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Everyone dreads going to the mechanic. It's bad enough having to fix your car without worrying that a shop might rip you off. Read on to learn how to keep your car repair bills from going stratospheric.
The best way to keep a shop from ripping you off is by not going to a shop. A little car DIY can go a long way. You only need some basic automotive tools to change your oil, replace filters, change burned-out bulbs, and maintain your brakes.
If you're unsure how to get started, there are plenty of resources to help first-timers, from YouTube videos or Haynes manuals to your hobbyist friend who would probably be happy to show you how it all works (and maybe loan you a couple tools). As you spend time with your car, you'll become more familiar with how it looks, feels, and sounds under the hood — you could spot problems before they become expensive or dangerous.
If you're faced with a bigger job than you want to tackle, you need a shop you can trust. Online reviews can be useful, but word of mouth is often the best way to find a reputable shop.
Ask friends, family, and co-workers about their experiences. Did their mechanic explain the repairs and why they were necessary? Did the shop provide a written estimate and stick to it? Did the mechanic fix the problem the first time, or was the car back in the shop a week later?
SEE ALSO: 5 Ways to Prepare Your Car for Winter
Once you've picked a mechanic, give them a few small jobs. Oil changes, routine maintenance, and state inspections are all low-cost, low-risk ways to tell how a shop will treat you, should you eventually need major repairs. A full-fledged repair shop may cost a buck or two more than the quick-change oil shop on the corner, but building a relationship with a trustworthy mechanic is worth it.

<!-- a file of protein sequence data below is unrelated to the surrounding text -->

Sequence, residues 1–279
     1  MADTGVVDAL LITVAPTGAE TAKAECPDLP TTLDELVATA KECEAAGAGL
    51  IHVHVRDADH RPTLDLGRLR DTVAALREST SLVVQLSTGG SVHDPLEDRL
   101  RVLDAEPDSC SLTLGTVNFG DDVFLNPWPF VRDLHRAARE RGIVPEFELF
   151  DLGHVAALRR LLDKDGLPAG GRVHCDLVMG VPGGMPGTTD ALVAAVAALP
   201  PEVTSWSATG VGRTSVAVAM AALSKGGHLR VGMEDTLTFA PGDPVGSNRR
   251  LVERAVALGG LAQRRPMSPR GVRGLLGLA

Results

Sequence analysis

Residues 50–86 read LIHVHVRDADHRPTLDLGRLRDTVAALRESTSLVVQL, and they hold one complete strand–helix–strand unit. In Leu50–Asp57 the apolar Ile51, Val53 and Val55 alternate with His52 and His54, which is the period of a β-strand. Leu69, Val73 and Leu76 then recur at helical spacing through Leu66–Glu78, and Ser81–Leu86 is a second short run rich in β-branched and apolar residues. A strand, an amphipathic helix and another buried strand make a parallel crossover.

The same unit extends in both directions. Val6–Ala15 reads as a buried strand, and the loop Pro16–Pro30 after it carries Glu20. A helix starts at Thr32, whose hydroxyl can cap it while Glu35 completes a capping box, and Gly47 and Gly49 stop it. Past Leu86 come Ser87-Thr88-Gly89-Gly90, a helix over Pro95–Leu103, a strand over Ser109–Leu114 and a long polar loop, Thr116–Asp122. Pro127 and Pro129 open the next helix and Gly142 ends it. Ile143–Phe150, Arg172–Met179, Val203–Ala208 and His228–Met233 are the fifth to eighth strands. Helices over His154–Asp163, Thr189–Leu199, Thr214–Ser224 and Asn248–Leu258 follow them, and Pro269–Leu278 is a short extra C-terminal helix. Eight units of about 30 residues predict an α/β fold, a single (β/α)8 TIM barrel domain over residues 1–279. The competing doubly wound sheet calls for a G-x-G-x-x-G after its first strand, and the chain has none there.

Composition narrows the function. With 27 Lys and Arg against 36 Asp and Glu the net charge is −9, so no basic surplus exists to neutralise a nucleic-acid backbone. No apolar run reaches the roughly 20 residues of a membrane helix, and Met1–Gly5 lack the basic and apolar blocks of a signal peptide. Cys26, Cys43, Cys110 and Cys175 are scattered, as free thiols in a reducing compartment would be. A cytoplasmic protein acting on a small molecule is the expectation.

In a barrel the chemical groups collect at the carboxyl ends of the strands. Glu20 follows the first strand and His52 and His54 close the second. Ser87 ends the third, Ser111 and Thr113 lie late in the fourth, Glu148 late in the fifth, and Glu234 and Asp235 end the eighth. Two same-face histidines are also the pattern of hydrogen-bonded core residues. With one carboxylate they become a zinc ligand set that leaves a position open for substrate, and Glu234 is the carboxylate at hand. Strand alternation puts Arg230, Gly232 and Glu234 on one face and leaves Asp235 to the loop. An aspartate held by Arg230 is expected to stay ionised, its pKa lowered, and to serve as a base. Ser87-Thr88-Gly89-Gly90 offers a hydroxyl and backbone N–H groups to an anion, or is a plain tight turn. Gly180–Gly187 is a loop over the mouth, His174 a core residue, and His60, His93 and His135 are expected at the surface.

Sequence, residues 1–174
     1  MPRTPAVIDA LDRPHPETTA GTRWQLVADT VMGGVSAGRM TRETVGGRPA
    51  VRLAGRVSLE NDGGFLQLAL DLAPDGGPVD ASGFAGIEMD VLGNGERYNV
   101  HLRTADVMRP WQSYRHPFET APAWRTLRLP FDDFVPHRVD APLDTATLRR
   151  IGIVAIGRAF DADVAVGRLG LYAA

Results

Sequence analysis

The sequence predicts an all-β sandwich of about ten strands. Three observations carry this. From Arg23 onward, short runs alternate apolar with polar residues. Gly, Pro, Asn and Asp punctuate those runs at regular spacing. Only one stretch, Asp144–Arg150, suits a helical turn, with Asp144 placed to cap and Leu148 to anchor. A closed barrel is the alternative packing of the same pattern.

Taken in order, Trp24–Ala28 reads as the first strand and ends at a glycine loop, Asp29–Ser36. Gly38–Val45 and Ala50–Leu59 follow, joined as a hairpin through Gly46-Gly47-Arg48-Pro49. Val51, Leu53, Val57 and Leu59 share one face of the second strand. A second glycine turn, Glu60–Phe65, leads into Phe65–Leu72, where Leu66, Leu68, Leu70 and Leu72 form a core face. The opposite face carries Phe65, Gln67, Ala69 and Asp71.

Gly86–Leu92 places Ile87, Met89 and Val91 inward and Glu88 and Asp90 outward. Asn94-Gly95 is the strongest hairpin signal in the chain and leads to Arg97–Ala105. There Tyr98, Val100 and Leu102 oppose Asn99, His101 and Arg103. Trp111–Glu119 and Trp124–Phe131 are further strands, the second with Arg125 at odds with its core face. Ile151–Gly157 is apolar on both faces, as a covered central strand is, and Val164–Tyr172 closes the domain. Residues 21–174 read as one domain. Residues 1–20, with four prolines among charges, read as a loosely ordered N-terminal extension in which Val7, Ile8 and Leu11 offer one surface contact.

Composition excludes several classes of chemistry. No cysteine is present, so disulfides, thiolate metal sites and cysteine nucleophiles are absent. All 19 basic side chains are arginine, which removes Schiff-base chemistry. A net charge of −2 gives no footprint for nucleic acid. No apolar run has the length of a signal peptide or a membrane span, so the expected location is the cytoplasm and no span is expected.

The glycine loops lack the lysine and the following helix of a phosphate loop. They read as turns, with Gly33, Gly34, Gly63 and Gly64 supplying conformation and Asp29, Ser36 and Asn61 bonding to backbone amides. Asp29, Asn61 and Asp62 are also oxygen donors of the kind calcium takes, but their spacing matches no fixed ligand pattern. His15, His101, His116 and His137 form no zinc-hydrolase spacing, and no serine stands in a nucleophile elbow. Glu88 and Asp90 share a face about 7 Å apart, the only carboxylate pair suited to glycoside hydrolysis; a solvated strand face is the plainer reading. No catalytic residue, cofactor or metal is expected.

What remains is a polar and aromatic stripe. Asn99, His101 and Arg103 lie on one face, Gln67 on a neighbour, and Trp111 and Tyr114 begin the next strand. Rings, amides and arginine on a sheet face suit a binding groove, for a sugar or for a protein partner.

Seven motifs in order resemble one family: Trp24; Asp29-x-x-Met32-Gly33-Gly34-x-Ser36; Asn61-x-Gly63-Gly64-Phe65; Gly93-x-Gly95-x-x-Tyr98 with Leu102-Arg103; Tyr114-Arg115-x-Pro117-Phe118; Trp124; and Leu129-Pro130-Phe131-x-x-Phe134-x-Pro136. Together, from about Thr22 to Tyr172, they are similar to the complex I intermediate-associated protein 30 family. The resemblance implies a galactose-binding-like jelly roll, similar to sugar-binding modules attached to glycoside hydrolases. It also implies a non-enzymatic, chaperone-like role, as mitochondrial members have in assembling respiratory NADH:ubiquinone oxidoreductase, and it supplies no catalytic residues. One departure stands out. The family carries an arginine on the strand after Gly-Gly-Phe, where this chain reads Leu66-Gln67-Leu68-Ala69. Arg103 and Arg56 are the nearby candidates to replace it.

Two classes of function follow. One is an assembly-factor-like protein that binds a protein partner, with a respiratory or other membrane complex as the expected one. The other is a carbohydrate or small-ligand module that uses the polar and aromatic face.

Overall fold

When you pick a shop, have a look around. A flock of half-repaired junkers in the parking lot might indicate that a shop has problems finishing work. But it might just mean the owner is a collector — especially if you're at a specialty shop that works on cars with hard-to-find parts.
If you know you've got a big repair job coming up, shop around. Any reputable mechanic will provide written estimates upon request before they get to work. If a shop won't give you a written estimate, walk away.
A word on dealerships: If you've had a bad experience at your local dealership, you're not obligated to go back — even if your car is still under warranty.
By law, car companies cannot void your warranty for getting work done somewhere else. Keep your receipts, though. The manufacturer can reject a warranty claim if you can't prove that relevant maintenance was done on time.
There's no way around it: if you don't want to be ripped off, you have to know what your car needs.
Start by getting familiar with your car's maintenance schedule. It's printed in your owners manual, and tells you which maintenance items should be done at which times. If you've lost your owners manual, you'll often find a copy on the manufacturer's website.
If your car is still under warranty, it's important to do scheduled maintenance in a timely fashion to protect your coverage. If you show up for an oil change and the shop recommends a bunch of seemingly unrelated repairs, don't panic. They might not be trying to rip you off; you might just be at a service interval. But you won't know if you don't check.
After your warranty period has expired, you can be a little more selective. If you ask, your shop should be able to prioritize the repairs that should be done urgently from the repairs that should be done "sometime soon."
If you don't understand what's being done to your car or why, don't be afraid to ask for an explanation. If you still have concerns, ask to be shown the broken or worn-out part, and compare it to a new one (if available). You'll get a quick education, and it'll protect you from unscrupulous mechanics.
Watch out for state inspections. They're often an opportunity for shady shops to nickel-and-dime you. Save a few bucks by doing a quick walk-around of your car before your inspection. Make sure all your lights are working, your windshield wipers aren't cracked, and your tires aren't flat and have enough tread on them. Take care of this low-hanging fruit instead of paying a shop $80 per hour to change a light bulb.
What do you think, readers? How do you keep mechanics from taking you to the cleaners? Share your thoughts in the comments below!